Sasha Wasley talks about her love for writing traditional letters and also shares an extract from her new book Dear Banjo.
I’ve been thinking lately about how special letters are. My book, Dear Banjo, features quite a few letters (and I encourage you to flick through a copy to look at the beautiful formatting Penguin did for the letters in the book!). My heroine, Willow, had a major bust up with her best friend Tom when they finished high school and it’s been ten years since she saw him or spoke to him. Tom attempted to make contact, sending Willow twelve letters across her first year of university, before giving up in the face of her refusal to reply.
Willow managed to get through the first two letters from Tom, but it was too painful for her to read any more and she started pushing them to the bottom of her top drawer, promising herself to read them ‘later.’ Later never came, and now she is returning to her home town for good, taking up permanent residence next door to Tom’s station once again, she has to find the courage to read them at last.
I loved writing Tom’s letters. They were the first bit of the book I wrote, in fact. His voice was easy to dive into and when I’d finished the letters, I felt like I knew Tom really well. The letters were a wonderful way to take a snapshot of their relationship as eighteen year olds, and to show their personalities. Tom tends to reminisce in his letters, so the reader sees snippets of Willow’s passion for the environment and humane treatment of animals, her seriousness and intelligence, her drive and competitiveness. But we also see Tom’s humour and sensitivity, and of course, his inner feelings.
In the writing of this book, I discovered that letters are a wonderful way to explore the relationship between the writer and the recipient. There’s something so intimate about reading a letter, especially written in the belief that no one else will ever read it. I expanded on the ‘letters’ theme in Dear Banjo, using text messages, emails and online chat, as well as more letters in the later part of the book, this time from Willow to Tom.
I leave you with a little snippet from one of Tom’s old letters …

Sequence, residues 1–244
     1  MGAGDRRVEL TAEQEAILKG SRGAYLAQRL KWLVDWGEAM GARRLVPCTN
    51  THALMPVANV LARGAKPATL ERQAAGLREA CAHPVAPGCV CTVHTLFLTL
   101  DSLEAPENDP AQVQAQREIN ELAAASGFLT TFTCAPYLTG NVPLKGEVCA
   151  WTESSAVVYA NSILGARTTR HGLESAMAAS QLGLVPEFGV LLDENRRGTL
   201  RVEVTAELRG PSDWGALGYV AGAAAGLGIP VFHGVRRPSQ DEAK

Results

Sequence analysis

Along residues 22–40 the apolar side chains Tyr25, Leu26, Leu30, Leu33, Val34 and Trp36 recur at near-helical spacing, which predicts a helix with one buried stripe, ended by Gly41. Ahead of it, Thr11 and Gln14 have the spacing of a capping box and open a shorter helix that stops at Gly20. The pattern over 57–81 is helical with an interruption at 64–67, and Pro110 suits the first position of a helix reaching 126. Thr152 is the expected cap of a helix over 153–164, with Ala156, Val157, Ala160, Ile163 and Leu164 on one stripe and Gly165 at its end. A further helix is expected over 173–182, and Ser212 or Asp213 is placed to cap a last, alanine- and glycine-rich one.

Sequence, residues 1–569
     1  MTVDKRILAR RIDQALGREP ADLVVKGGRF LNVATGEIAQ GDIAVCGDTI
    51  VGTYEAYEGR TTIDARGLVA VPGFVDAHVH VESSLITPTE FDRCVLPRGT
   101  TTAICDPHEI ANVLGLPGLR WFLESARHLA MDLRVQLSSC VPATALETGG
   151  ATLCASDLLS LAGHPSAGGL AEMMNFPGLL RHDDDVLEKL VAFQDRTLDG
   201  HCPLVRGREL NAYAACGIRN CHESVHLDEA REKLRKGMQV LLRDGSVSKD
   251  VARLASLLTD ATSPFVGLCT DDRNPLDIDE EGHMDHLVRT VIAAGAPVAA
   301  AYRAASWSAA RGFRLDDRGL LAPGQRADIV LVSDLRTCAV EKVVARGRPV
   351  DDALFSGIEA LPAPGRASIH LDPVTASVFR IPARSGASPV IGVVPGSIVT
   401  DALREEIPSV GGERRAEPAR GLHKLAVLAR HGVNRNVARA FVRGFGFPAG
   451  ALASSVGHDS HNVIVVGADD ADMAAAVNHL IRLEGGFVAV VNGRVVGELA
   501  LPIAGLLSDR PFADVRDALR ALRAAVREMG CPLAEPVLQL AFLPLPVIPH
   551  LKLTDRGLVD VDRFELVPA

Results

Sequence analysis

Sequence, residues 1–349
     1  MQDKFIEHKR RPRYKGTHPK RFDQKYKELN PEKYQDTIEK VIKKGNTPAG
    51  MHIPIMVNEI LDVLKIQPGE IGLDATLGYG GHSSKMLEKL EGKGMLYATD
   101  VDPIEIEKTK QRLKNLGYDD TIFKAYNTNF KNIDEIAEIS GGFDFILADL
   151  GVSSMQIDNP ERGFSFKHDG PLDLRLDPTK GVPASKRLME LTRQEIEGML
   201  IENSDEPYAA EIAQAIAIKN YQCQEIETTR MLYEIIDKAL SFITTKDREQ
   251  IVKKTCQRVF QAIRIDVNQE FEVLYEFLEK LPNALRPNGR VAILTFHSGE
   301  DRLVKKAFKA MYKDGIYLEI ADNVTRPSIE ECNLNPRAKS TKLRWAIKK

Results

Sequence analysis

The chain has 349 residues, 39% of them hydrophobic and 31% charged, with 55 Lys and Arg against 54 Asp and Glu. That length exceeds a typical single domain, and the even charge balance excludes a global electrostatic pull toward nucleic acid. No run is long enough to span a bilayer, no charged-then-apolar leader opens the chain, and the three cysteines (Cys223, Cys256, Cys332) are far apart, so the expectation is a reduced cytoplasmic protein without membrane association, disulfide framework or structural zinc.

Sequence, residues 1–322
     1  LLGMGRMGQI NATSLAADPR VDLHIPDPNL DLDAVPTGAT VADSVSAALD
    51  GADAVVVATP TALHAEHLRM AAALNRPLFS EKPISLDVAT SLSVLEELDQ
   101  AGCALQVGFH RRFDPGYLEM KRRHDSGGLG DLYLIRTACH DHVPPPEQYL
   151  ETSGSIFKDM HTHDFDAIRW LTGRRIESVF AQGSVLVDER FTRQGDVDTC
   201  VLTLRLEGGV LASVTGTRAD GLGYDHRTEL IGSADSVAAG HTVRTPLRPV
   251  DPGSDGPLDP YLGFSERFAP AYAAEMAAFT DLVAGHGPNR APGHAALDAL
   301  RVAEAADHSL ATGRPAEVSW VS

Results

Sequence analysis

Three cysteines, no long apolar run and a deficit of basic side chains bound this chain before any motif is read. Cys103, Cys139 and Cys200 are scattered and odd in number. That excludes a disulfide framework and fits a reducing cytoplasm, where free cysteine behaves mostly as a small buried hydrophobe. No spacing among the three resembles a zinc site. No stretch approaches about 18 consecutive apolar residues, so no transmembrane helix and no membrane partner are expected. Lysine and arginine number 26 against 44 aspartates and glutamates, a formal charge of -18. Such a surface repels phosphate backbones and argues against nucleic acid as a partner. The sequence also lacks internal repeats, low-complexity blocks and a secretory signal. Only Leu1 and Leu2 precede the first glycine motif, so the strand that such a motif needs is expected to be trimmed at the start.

Okay, I gave it three weeks. One for the letter to reach Perth, another for you to reply, and the last for it to reach Mount Clair. I’m guessing you’re still not talking to me.
You’re a tough nut to crack when you’re angry. I’ll never forget that time you got super pissed at me. You know, The Matrix Reloaded night? Aunty Jen had been to Bali and picked up some rip-off DVDs and we’d decided to watch Matrix together. Movie and pizza night. You brought all your animal-free ingredients including that revolting soy-based cardboard masquerading as cheese that you’d discovered. And I sneaked some normal cheese onto your pizza while you weren’t looking and you were raving about how awesome your pizza tasted and you even made me try some so I’d know how much the soy cheese had improved. And I agreed and then once we’d finished I laughed so hard I nearly puked.
When I told you what I’d done I thought you’d see the funny side but instead you accused me of not taking you seriously and stormed out. Remember? You jumped on Rusty and rode home in the dark. Damn, I felt so bad when I realised you weren’t coming back. I wanted to go after you but Mum wouldn’t let me. She phoned your mum to check you made it home all right and told me I needed to apologise. So I did. Text messages, radio calls, phone calls and even letters in the hollow boab. But grudgy Banjo took a week before she’d even acknowledge I existed again. I guess it took a week to get the evil dairy out of your system, huh? winks
I hope you enjoy reading Dear Banjo and I’d love to hear what other books containing letters were special to you!
Excerpt from Chapter 1
Somehow she managed to pack up the entire apartment overnight. On the way to the airport the next morning, Willow got the taxi driver to drop in at Tanya’s place. Her friend was still in her pyjamas when Willow gave her the keys to her apartment and a couple of hundred dollars. Tanya tried to refuse the money but Willow pushed it into her hand.
‘No, Tan, I’ve booked professional cleaners and I need you to pay them for me. Keep whatever’s left over as a thanks. And could you possibly go in and get rid of the boxes I’ve left behind? You can have anything from them or just donate it all to charity. And then if you could just drop the keys off to the real estate agent, I’ll be grateful forever.’
Tanya nodded and her eyes went a little glassy. ‘You’re really going, aren’t you? For good, I mean.’
‘Yeah. Going home at last. I can’t believe I stayed in the city this long.’
Tears spilled down Tanya’s cheeks. ‘I’m going to miss you.’
‘Oh, Tan. You should come visit.’ Willow hugged her. ‘I’ll stay in touch.’
‘It’s not the same,’ Tanya sobbed.
‘I’ll call you in a couple of days, okay?’
Tanya nodded and gave her another tearful hug before letting Willow leave.
Jeez, Willow thought as she ran back to the taxi. Shows of emotion had never been her thing. Okay, she was moving a couple of thousand kilometres away, and she’d miss seeing Tanya at work, but surely it wasn’t worth crying over.